In September of this year I went on a one week fact finding mission to Ghana. The main purpose of my mission was to look for economic opportunities, but I also did a bit of cultural tourism whilst there. For the first three days I was in love with Africa – we were on honeymoon. On the fourth day we had our first big argument. And whenever you have a big argument in the early stages of a relationship, you begin to question whether the relationship has a future.
Elimina Castle is the largest and most intact slave fort in existence. The group of 10 or 12 visitors who did the tour with me were all Black, and seemed to comprise of a couple of local Ghanians who had nipped over during their lunch break, a couple of African families on holiday from other nations, and a few Blacks from the diaspora like myself. The tour lasts for about an hour, and starts with a short look around a museum. The museum takes a strange approach, with most of the information and exhibits focussing on the local chiefs and local history, with the slave trade being just a footnote. I couldn’t quite work out what the traditions of local chiefs had to do with this fort built by the Portugese. Presumably, it was these local chiefs who were exchanging guns, alcohol and tobacco for Africans. So it seemed strange to me that the museum would pay tribute to these men, but that was just the beginning of my psychological difficulties of the day.
Once the tour got going we were taken around the slave dungeons, shown the cell where white soldiers were put for a few hours as a punishment for raping female slaves, then shown the cell were rebellious slaves were thrown in to die. We were shown the dungeon where female slaves were kept, shackled together, lying in their own faeces, urine and menstrual blood – the same dungeon where they had to eat. We were shown the balcony where the commanding officer would stand and survey the female slaves before picking one out, to be washed, fed, and taken up to his quarters to be raped. Our tour guide told us how the fort was first controlled by the Dutch, then taken over by the British. He told us how this trade in Africans went on for over 200 years, and yet as he rolled off these historical facts and figures, he didn’t seem to be sharing the emotional pain I was feeling. Infact he didn’t even seem to be aware that some of the group were in pain. He related the horrors of this Black holocaust with the same nonchalance as an English tour guide taking Japanese tourists around a stately home. Was it because he worked here and had grown blasé about the horror he was describing, or was it because as a born and raised African, he didn’t share that psychological pain, as his ancestors did not actually experience it? The same lack of empathy was displayed by some of the other visitors born on the continent. One local man actually took a call on his mobile during the tour, whilst the African women on the gate loudly joked and argued. I wondered, would this same lack of solemnity/respect be shown at a German concentration camp like Auschwitz? Would the tour guide take you through the gas chambers where Jews were exterminated, and then take you straight into the gift shop where you could purchase ‘Welcome to Auschwitz’ postcards? But this is basically what happened to us after being shown the small hole through which enslaved Africans were shoved onto the waiting slave ships – the door of no-return. After seeing this, I skipped the gift shop part and went outside to take a moment by myself.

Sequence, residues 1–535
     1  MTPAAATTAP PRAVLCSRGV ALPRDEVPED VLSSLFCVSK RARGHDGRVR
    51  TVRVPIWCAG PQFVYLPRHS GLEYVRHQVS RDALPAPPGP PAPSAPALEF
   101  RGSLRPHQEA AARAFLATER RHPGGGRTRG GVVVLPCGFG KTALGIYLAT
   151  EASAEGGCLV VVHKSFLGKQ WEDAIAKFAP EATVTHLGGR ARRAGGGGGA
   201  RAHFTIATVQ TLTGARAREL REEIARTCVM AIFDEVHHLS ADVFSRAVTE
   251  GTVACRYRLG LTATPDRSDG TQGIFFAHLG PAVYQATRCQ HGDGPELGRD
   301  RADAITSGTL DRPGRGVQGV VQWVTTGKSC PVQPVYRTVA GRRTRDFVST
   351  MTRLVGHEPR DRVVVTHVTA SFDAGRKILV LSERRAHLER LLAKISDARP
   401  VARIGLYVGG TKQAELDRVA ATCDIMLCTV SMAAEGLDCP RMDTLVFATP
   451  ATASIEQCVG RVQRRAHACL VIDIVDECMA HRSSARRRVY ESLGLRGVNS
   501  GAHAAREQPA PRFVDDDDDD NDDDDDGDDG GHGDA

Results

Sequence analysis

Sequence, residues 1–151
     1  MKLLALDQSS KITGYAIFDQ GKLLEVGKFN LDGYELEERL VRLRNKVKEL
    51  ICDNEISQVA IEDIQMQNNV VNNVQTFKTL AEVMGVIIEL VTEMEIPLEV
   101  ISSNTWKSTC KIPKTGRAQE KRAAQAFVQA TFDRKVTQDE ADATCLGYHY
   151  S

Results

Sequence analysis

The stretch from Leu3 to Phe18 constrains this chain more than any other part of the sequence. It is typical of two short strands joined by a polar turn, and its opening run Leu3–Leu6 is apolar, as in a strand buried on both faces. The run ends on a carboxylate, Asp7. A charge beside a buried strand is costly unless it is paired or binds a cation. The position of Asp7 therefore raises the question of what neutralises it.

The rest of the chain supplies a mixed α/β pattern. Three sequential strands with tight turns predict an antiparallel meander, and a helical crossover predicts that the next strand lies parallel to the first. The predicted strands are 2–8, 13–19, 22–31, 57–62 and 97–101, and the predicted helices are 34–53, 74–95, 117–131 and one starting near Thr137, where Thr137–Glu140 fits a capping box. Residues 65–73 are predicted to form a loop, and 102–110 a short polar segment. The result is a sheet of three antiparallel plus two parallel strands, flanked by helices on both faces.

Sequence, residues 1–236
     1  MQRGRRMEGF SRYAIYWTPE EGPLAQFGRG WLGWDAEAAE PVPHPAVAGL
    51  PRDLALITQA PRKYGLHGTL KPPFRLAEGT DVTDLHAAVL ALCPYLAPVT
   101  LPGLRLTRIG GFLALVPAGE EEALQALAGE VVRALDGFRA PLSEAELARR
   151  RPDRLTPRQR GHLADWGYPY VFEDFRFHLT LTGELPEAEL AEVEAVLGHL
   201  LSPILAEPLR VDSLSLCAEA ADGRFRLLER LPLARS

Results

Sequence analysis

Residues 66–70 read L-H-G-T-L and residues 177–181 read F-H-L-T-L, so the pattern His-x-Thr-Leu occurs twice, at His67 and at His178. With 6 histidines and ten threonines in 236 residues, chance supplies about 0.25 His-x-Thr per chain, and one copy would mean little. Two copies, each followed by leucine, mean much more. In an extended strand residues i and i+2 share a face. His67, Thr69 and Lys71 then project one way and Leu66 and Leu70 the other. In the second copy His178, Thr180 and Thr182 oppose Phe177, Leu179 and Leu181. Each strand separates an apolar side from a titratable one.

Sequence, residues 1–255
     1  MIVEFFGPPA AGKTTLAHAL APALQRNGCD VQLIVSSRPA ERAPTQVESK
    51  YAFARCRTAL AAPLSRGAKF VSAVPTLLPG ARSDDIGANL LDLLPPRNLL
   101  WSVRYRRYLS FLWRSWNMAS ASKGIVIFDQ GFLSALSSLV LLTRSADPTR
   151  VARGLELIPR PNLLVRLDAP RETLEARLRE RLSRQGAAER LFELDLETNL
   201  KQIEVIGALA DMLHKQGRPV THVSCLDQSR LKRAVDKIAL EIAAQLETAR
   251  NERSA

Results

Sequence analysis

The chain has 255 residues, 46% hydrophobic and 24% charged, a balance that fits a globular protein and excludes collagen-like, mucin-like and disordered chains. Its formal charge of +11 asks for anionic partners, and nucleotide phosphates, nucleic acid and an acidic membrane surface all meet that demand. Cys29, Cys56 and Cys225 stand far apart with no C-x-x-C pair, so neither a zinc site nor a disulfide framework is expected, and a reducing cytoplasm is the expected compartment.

At this point I had thought the that tour was over, but no, after a short break to allow visitors to buy books, and DVD’s on Kwame Nkrumah and the history of Ghana, the tour resumed to show us the kitchens where the food was cooked, and another opportunity to buy paintings and carvings. I was wondering ‘why would I want to see the kitchens when I have just seen the door of no return?’ but kept my thoughts to myself. At the end of the tour there was a visitor’s book to leave comments, but at that point at felt unable to put my disgust into words.
But the horror did not stop once leaving the fort. Outside, we were assailed once again by the hawkers trying to sell souvenir tat, or obtain sponsorship for their local football team. These kids have probably never been inside Elmina, and they probably didn’t learn about slavery in school (if they could afford to go to school). But surely the educated people in the Ministry of Tourism are aware. Surely the staff who work at Elimina are aware? But no, no consideration is given to the feelings of those who’s ancestors died in this Black Holocaust.